David Hough receives national award for contributions to the field and for reaching out to mentor young scientists
by Susie P. Gonzalez
As a high school senior in South Plainfield, N.J., Trinity University professor David H. Hough was president of his local Astronomical League club based in Mountainside, sparking an interest in astronomy that has spanned more than four decades.
Hough is a longtime mentor to the League’s National Young Astronomer program and has judged research papers and projects of high school students while also sharing a love for astronomy with amateurs who often have other careers but take their astronomy hobby seriously.
In mid-July, Hough received the Astronomical League Award during a national convention held in San Antonio. The award is presented to an amateur or professional who has “made worthwhile contributions to the science of astronomy on a national or international level.” He said the award recognizes his service to the field and outreach to other astronomers.
The Astronomical League – an umbrella group for 15,000 amateur astronomers who promote an interest in astronomy – has bestowed the award previously to Clyde Tombaugh, who discovered the planet Pluto; former director of the McDonald Observatory Frank Bash; and dozens of amateur astronomers.
Although professionals have been honored, the contributions of amateurs are extremely important since professionals cannot watch all the stars and star formations, Hough said. Observations by many amateurs have provided invaluable data to the field, and some amateurs have even invented new telescope designs, he added.
For 33 years, Hough has studied a quasar identified by the number 3C207, and found in the constellation Cancer (the Crab). The quasar is not visible to the naked eye, although in the summer months it is in the general direction of the sun.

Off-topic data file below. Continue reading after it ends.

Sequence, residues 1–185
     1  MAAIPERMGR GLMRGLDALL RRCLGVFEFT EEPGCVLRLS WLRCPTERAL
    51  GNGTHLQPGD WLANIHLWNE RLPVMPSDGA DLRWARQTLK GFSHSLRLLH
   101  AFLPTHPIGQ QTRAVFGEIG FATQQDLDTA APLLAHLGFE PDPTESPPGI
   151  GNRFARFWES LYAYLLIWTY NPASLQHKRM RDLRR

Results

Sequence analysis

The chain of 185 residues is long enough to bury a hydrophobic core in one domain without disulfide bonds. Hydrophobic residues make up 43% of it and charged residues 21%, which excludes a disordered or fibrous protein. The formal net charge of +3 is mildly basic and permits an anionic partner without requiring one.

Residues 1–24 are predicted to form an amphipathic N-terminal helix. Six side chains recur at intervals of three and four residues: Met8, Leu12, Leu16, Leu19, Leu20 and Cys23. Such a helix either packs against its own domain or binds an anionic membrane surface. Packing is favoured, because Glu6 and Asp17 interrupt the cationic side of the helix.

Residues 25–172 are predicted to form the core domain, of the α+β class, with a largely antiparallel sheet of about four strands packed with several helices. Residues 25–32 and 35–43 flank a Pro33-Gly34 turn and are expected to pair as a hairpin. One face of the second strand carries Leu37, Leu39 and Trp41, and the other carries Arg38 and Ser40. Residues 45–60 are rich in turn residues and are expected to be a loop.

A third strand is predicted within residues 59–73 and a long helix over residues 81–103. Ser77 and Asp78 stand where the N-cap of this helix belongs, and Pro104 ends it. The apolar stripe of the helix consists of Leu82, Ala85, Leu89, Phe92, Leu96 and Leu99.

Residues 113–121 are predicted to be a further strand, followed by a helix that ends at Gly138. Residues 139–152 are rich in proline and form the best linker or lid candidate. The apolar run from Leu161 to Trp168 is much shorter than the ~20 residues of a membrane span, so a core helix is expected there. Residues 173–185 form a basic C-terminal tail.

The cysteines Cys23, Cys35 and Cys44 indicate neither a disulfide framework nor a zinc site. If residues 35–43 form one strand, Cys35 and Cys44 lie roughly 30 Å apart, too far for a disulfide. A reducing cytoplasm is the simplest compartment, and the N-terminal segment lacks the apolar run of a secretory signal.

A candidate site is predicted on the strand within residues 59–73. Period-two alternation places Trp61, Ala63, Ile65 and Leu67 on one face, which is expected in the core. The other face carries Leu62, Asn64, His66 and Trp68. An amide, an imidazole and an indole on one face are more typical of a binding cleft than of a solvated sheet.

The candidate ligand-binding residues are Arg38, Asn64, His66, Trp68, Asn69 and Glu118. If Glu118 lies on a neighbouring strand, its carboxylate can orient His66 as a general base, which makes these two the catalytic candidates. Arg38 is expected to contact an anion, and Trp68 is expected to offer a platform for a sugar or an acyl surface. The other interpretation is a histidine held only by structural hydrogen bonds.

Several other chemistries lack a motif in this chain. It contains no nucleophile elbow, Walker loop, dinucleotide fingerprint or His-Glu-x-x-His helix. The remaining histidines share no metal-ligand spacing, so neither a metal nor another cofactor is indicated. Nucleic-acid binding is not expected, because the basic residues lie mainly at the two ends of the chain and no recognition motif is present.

“Some people would find doing this for a long time to be boring,” he said. “I never found it boring because I’m trying to answer some big scientific questions. As a scientist, you put in the work you need to do and patiently wait for the answers to come out.”
Quasars are galaxies with incredibly bright centers, and Hough said the question is: why are they so bright? The answer is: because they often have a hidden black hole that absorbs material. But, Hough said, his longtime research has revealed a plot twist. “People think black holes ‘eat’ everything,” he explained, “but some material gets channeled back out into space. We study the jetflows that go outward a million light-years beyond the quasar cores.” This summer, Trinity student Dallas Akins helped Hough with quasar research.
As material is propelled outward from a black hole back into space, the launched jetflows emit radio waves that can be measured by radio telescopes. “What you want to do is get close to the quasar, get to the core containing the black hole,” he said. “In studying 30-plus years of data, I’ve seen some surprising things, such as the acceleration of flows that aren’t expected, and winding twists of jetflows. We are still not sure why that is happening.”
Susie P. Gonzalez, director of public and media relations, can be reached at susie.gonzalez [at] trinity.edu.